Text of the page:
Spa, her circuit
and her thermal baths
The health benefits of bathing in natural hot-water springs were known in Ancient times, but the first town where visitors could “take the waters” in the modern sense was Spa in the Belgian Ardennes, which gave its name to many other similar resorts (e.g. Bath Spa and Leamington Spa in the UK). Spa was “the eighteenth-century Monte Carlo” with luxury hotels and restaurants and a casino to entertain the wealthy aristocrats taking the waters there. Today, visitors can still take the waters and a range of spa treatments, and there are plenty of other attractions in the town, including music festivals and the Spa-Francorchamps Formula 1 motor-racing circuit.
Health and Wellbeing for the twenty-first century
Who hasn’t enjoyed a nice soak in a hot bath, followed by a massage and other beauty treatments? The treatments based on Spa’s naturally hot spring water have developed from the austere to the lush and can be enjoyed in visits of one day or longer. The three springs continue to disgorge thousands of litres of mineral-rich water every day. The wooded hills surrounding Spa are perfect for exercise and mountain and forest sports and the annual “Francofolies” music festival is the perfect place to let off steam with some dancing!
The allure of the facades of yesteryear around the ancient baths is still alive
The first spa resort
Spa attracted foreign visitors even in mediaeval times. For example, King Henry VIII of England’s Italian physician visited in 1547. He was followed in 1654 by the future King Charles II of England during his exile and in 1717 by the Russian Emperor Peter the Great. To entertain the visitors who flocked to the town, a casino opened in 1763 (it is now the world’s oldest) and a racecourse in 1773. Austrian Emperor Joseph II visited in 1781 and called Spa “the café of Europe”. Casanova came for other attractions: “All the nations of Europe flock to Spa in the summer to commit thousands of indiscretions; I committed mine like everyone else” he wrote, “People don’t just come to take the waters, but to do business, to plot, to have fun, to find love and to spy on others…”
The middle classes take over
As the nineteenth century progressed, the growing middle classes replaced the aristocracy as the main group of visitors to Spa, as access and communications improved following the arrival of a daily postal system in 1840 and the telegraph and railway in 1856. King Leopold II of Belgium’s wife, Queen Marie-Henriette bought a villa in Spa and spent her summers here from 1853 until her death in Spa in 1902. This royal patronage conveyed a sense of respectability and more hotels and facilities were built in response to rising visitor numbers.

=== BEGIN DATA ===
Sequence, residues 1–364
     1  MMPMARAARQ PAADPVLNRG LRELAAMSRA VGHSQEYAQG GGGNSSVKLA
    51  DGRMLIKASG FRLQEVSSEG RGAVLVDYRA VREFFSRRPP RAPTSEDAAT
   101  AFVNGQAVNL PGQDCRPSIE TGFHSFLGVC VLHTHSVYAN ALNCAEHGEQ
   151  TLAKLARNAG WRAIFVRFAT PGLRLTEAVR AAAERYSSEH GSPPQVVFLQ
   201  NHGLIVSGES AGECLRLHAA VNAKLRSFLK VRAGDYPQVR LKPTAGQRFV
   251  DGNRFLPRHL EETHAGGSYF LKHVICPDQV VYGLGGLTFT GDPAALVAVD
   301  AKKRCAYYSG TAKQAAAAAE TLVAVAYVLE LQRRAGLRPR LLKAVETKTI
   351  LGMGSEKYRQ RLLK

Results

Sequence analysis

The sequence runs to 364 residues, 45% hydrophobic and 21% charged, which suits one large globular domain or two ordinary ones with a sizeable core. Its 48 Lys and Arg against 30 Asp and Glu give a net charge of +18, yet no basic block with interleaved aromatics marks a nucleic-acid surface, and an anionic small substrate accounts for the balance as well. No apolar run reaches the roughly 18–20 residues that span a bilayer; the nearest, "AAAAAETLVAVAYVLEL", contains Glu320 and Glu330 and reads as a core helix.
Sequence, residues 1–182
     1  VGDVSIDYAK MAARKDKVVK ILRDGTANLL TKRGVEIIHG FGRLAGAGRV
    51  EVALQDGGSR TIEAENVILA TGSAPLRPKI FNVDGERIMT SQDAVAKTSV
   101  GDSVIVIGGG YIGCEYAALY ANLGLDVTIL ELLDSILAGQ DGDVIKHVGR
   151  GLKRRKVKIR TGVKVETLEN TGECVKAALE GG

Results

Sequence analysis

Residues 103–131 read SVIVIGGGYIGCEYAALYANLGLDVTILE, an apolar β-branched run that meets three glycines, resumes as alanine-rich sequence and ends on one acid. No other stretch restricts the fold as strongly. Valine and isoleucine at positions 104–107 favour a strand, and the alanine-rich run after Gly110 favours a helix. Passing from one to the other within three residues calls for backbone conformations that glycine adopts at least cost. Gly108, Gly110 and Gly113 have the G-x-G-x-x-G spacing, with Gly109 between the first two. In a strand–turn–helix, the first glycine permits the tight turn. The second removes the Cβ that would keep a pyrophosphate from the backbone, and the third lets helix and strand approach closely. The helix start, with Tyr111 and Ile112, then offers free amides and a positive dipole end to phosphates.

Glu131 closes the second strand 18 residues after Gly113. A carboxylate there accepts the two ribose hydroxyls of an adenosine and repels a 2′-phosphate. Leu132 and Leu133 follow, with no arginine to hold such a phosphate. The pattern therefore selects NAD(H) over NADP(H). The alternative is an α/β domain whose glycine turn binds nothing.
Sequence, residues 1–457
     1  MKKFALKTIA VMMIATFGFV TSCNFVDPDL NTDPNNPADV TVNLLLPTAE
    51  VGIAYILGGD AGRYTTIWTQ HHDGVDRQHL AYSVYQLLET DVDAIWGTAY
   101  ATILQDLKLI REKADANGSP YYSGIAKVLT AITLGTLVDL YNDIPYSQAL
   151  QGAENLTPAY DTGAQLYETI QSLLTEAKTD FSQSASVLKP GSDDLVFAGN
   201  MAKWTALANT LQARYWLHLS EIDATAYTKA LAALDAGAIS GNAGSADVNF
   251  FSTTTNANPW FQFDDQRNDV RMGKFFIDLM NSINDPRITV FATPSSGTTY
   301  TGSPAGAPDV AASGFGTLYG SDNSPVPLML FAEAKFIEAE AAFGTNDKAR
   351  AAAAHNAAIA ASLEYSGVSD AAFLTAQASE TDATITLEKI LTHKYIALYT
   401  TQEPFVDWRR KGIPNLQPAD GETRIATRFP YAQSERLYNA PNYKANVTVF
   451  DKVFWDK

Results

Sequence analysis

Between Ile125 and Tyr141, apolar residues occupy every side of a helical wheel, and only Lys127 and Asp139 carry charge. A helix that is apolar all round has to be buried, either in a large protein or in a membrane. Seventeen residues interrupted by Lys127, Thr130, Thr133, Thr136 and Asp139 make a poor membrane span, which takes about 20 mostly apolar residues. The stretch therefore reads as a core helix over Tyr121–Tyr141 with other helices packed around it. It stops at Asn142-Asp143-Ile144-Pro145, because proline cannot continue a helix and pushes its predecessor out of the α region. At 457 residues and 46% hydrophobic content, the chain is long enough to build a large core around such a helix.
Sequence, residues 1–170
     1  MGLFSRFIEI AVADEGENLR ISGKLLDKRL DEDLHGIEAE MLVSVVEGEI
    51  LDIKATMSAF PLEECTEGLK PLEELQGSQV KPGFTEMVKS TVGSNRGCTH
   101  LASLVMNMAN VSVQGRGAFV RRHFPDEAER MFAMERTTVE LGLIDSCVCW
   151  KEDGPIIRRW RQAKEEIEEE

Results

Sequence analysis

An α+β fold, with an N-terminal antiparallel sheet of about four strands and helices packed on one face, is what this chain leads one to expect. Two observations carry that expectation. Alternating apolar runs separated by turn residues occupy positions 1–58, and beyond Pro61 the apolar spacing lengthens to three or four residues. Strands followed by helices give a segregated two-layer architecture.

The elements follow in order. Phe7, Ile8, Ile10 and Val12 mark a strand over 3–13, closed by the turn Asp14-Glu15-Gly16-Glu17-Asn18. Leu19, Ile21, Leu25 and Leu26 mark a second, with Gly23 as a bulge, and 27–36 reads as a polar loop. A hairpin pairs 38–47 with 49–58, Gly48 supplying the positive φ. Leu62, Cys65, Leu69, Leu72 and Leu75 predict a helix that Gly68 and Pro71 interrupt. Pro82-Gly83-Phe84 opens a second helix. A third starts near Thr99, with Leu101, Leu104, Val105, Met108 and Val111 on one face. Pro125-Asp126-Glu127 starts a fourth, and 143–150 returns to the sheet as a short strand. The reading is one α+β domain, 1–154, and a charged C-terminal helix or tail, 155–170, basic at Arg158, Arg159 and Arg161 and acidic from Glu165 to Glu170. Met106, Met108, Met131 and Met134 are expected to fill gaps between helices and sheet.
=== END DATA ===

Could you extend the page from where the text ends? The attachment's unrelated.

The First World War and after
During the First World War, Spa was occupied by the German army who used it as a convalescence centre for injured soldiers. The German General Headquarters, headed by Kaiser Wilhelm, moved to Spa in 1918, and it was in Spa that he signed the German surrender and his abdication. Spa was again used as a convalescence centre by the German army during the Second World War.
In the post-war years, the spa treatment centre was rebuilt and the town adapted to mass tourism. The growing interest in the environment and wellbeing led to a complete rebuilding of the spa centre in 2005, connected by an inclined lift to the town centre.
For more information, please visit www.thermesdespa.com
The Spa-Francorchamps motor-racing circuit
Located around 20 km from Spa, in the village of Francorchamps, the circuit that hosts the Belgian Grand Prix is one of the most famous in the world. Apart from the famous F1 drivers, visitors can also test their skills there!
Rebuilt to new safety standards in 2007, the circuit laps are just over 7 km long. Visitors can explore the pits and stands and then travel as a passenger in a racing car driven by a professional, or they can even drive themselves, from pole position, waiting for the chequered flag just like the champions.
The first Spa 24-hour race was held in 1924, followed by the first Belgian Grand Prix in 1925. The circuit’s setting amid the Ardennes forest and its difficulty quickly led to it becoming a favourite with drivers and spectators alike.
For more information, please visit www.spa-francorchamps.be